"We started off a little slow in the passing game throughout the year, mainly due to our explosive running game with Marshawn (Lynch) back there - he's doing a really great job," Rice said. "And our offensive line is blocking real well for them. So the last few weeks we've been sprinkling in the passes, and getting our pass game going. So, hopefully, we can combine the two together and keep things moving from there."
Rice could be going to Seattle this weekend as a member of the Vikings if he had decided to remain with the franchise that drafted him in the second round in 2007 out of South Carolina. The Vikings were interested in retaining Rice, even though the organization and player did not necessarily see eye-to-eye on how his hip injury was handled.
When healthy, the 6-foot-4, 202-pound Rice provides the type of vertical threat the Vikings need.
"They made a strong effort to keep me there," Rice said. "I talked to coach (Leslie) Frazier a few times throughout the process, and (wide receivers) coach (George) Stewart as well. We just couldn't come to the terms and I decided to choose Seattle. I had an offensive coordinator I had been with for the previous four years. Knew the playbook, and that was one of the big reasons."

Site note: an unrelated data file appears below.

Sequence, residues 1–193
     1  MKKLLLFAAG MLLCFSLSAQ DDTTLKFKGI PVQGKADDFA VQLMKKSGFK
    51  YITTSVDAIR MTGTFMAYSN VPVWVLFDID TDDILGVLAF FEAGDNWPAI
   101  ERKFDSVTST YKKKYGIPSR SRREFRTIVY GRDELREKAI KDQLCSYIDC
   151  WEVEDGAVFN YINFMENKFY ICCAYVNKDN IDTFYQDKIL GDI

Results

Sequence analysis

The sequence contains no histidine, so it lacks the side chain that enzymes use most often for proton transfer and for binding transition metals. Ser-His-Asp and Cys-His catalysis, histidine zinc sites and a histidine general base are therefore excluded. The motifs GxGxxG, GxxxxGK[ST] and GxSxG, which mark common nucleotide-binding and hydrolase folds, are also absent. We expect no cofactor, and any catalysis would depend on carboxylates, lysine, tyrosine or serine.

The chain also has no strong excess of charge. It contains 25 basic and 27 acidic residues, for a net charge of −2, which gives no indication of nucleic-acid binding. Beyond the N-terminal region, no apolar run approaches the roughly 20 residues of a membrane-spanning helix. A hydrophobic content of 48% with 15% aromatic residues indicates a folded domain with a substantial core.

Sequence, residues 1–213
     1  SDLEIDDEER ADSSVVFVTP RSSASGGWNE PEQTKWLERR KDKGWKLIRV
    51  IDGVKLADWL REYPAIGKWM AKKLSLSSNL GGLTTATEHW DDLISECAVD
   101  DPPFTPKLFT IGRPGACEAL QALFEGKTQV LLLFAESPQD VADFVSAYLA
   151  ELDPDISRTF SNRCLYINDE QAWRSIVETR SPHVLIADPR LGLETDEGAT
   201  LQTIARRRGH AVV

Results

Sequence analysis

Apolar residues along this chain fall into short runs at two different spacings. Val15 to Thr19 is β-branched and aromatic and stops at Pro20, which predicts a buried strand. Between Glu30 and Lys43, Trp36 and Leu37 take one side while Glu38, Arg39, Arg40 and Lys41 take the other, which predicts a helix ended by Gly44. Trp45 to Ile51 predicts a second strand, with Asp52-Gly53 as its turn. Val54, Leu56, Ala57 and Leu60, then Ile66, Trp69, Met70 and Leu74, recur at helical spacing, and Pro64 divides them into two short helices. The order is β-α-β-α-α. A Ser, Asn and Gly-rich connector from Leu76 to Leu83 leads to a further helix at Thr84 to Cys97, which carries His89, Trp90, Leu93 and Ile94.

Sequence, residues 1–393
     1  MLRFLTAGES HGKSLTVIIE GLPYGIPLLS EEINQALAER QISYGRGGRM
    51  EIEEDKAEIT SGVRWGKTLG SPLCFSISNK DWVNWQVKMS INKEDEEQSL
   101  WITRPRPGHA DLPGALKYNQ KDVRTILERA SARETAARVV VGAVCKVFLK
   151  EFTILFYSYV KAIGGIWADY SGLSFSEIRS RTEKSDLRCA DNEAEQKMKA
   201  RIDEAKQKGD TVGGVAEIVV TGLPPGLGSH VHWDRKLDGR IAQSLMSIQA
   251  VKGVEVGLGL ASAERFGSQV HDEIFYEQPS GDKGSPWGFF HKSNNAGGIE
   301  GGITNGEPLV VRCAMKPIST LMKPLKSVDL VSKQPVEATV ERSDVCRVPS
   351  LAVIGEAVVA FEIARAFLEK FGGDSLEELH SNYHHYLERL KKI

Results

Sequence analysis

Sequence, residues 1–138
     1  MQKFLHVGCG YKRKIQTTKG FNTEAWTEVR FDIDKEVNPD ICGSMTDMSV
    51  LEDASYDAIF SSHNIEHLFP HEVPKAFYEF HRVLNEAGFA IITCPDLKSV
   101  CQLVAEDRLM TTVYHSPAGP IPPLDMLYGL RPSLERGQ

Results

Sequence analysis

Darrell Bevell, who served as the Vikings' offensive coordinator for five years under Brad Childress, wasn't retained by the Vikings after Frazier took over as coach following the 2010 season. Seahawks coach Pete Carroll brought Bevell to Seattle.
Carroll is the second NFL coach that Rice has played for in his career. Childress was the other. Safe to say, the two are very different in their style.
"I would say Coach Childress was a more straightforward serious guy about everything and Pete is kind of the opposite," Rice said. "I wouldn't say he's not serious ... he's an energetic guy and he's the same way no matter what's happening. He wants to encourage everybody, let you know what you do wrong and just encourage you to get things right and keep going."
Rice said he still talks to a few of his former teammates, including running back Adrian Peterson. Peterson was taken in the first round in 2007. On Tuesday, Rice had discussions with Vikings safety Jamarca Sanford and linebacker Jasper Brinkley.
Sanford said the two had a good natured back-and-forth about Sunday's game, but made it clear he is glad to see his former teammate doing well again.
"It feels good to see my friend back out there," he said. "Doing what he does best and making plays. I know what he can do when he's healthy and you never want to see a guy hurt and get taken from what he loves to do. He's happy to be back out there and he looks forward to the challenge of going against us and we look forward to it, too. It's going to be a lot of fun."
As for his memories of Minnesota, Rice said: "I had a wonderful time when I was there. A lot of great teammates, a lot of the guys that I still talk to and the coaches as well. I had a great four years. I enjoyed every minute of it and it's going to be fun matching up with those guys and seeing those guys play on the same field this weekend."